With the draft of the Coal Exit Law, the Federal Government has not only put the tender procedure for the shutdown of coal capacities on paper. At the same time, changes were announced for renewable energies. According to the International Energy Agency’s World Energy Outlook 2019, global CO2 emissions might rise until 2040. In terms of prices, November continues where October left off: going down.
In order to maintain security of supply at a high level, there must always be a balance between production and consumption in the electricity supply system. This form of system security is the responsibility of the transmission system operators (TSOs).
The balancing energy market exists to enable grid operators to cost-effectively compensate for power and voltage fluctuations in the transmission grid. How this market works is explained in the first part of the series “The German electricity balancing market in transition”.
The futures market price for electricity is the current average estimate by traders of the electricity prices of the future. Many factors, which are difficult to estimate in advance, have to be considered by traders: How is the supply of electricity, i.e. the available feed-in capacity of European power plants and their costs such as gas, coal and CO2 prices, developing? How is demand developing in terms of both its level and its structure? Another factor is also becoming increasingly important: the weather.
Most of the regulations of the German Climate Package 2030 gradually went into the parliamentary implementation phase during October 2019. For 2020, the renewable energy levy will rise by about 5 percent. The Federal Network Agency announced the results of the October 2019 tenders for onshore wind and PV. Prices struggle to find a direction amidst uncertain political and economic developments.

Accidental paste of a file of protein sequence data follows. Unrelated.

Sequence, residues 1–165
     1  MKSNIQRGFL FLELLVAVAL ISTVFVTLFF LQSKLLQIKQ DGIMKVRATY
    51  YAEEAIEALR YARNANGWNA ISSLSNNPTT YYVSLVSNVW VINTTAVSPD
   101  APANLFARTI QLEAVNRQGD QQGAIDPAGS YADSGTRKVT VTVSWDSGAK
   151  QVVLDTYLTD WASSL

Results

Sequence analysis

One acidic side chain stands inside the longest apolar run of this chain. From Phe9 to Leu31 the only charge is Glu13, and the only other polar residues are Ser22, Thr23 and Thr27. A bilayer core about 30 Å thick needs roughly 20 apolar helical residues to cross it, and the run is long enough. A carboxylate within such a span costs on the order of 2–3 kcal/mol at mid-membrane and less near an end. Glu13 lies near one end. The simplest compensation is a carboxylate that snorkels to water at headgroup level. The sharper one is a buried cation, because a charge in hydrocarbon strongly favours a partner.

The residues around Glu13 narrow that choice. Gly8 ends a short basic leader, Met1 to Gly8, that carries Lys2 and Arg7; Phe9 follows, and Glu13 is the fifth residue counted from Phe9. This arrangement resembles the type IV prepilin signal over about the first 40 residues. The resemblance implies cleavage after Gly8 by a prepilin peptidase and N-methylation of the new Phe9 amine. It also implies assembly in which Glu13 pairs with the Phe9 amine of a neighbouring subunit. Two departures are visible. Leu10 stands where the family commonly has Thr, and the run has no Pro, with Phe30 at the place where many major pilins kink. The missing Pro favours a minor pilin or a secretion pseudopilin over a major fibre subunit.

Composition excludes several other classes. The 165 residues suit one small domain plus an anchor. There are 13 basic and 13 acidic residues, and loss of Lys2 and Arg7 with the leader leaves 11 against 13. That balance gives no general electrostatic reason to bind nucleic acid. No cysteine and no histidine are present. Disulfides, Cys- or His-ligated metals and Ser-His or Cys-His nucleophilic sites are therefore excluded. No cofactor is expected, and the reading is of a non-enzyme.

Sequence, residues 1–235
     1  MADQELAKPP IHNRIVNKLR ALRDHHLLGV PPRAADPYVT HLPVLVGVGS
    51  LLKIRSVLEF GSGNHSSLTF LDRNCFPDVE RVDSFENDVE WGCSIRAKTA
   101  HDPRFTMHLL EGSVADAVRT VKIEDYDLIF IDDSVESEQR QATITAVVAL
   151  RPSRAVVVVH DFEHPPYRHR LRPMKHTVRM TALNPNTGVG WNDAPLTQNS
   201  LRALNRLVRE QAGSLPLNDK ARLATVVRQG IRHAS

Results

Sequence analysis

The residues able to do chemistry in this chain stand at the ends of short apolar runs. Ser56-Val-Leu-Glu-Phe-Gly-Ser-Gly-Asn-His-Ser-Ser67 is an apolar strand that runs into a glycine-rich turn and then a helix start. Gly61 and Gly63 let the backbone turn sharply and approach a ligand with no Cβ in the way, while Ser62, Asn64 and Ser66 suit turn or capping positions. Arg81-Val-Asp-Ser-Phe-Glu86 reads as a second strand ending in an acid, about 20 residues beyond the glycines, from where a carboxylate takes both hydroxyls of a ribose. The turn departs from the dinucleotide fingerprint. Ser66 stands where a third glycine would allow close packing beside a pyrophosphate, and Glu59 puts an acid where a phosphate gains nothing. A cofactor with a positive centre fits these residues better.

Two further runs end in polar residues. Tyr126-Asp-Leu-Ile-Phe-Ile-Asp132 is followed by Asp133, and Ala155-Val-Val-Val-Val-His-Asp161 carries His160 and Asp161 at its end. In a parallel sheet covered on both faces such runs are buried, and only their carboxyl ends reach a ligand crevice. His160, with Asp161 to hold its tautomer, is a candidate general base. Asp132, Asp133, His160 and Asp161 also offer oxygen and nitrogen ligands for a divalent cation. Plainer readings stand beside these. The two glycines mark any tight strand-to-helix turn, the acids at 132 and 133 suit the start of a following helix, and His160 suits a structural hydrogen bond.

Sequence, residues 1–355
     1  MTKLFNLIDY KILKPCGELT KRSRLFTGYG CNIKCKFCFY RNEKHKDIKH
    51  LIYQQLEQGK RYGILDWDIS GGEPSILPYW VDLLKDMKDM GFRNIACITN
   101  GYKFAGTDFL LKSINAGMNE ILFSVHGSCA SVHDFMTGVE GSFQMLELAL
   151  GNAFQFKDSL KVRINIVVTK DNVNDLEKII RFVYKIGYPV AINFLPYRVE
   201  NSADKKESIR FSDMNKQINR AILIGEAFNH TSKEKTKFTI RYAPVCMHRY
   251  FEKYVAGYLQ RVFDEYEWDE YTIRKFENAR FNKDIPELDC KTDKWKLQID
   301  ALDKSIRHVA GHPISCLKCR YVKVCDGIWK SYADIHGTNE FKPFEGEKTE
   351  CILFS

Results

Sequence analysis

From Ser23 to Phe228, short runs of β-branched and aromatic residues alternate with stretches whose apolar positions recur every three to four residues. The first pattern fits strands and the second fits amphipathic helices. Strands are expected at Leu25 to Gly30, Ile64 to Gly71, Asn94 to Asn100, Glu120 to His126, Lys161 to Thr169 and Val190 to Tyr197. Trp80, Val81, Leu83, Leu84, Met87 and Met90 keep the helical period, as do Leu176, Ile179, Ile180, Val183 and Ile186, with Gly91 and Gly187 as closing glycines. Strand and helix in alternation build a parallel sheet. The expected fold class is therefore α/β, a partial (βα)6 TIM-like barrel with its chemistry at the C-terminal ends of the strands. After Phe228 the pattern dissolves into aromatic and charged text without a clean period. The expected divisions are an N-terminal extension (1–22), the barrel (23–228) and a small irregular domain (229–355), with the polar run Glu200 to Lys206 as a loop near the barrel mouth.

In recent years, the regulatory map of the energy industry has become increasingly complex. Especially for coal-fired power plants, some inconsistencies and contradictions have crept in during the course of parallel legal processes. Here is an attempt to shed some light on the situation.
Climate conferences or the COPs are the most important international forum for negotiations on climate change and greenhouse gas emission reductions. How did the climate negotiations fare since the famous Paris Agreement in 2015? What has been agreed on during the last COPs and what is in store for the coming climate conferences? This article sheds some light on those issues as well as on the emission reality on the ground.
The wind power summit at the beginning of September 2019 ended without concrete measures. However, the Federal Government’s eagerly awaited climate package disappoints with its timidity in terms of climate and energy policy. Furthermore, the takeover plans of Innogy by energy company E.ON are on track. France’s nuclear power plants and oil caused commodity prices to rise and fall.
The issue of an additional CO2-pricing scheme and the measures for the energy sector are discussed in the second part of the analysis of the German Climate Protection Programme 2030. From 2021, a CO2-price of 10 EUR/ton will apply to the German transport and buildings sectors. The price will rise to 35 EUR/ton until 2025. New regulations also apply to the expansion of renewable energies.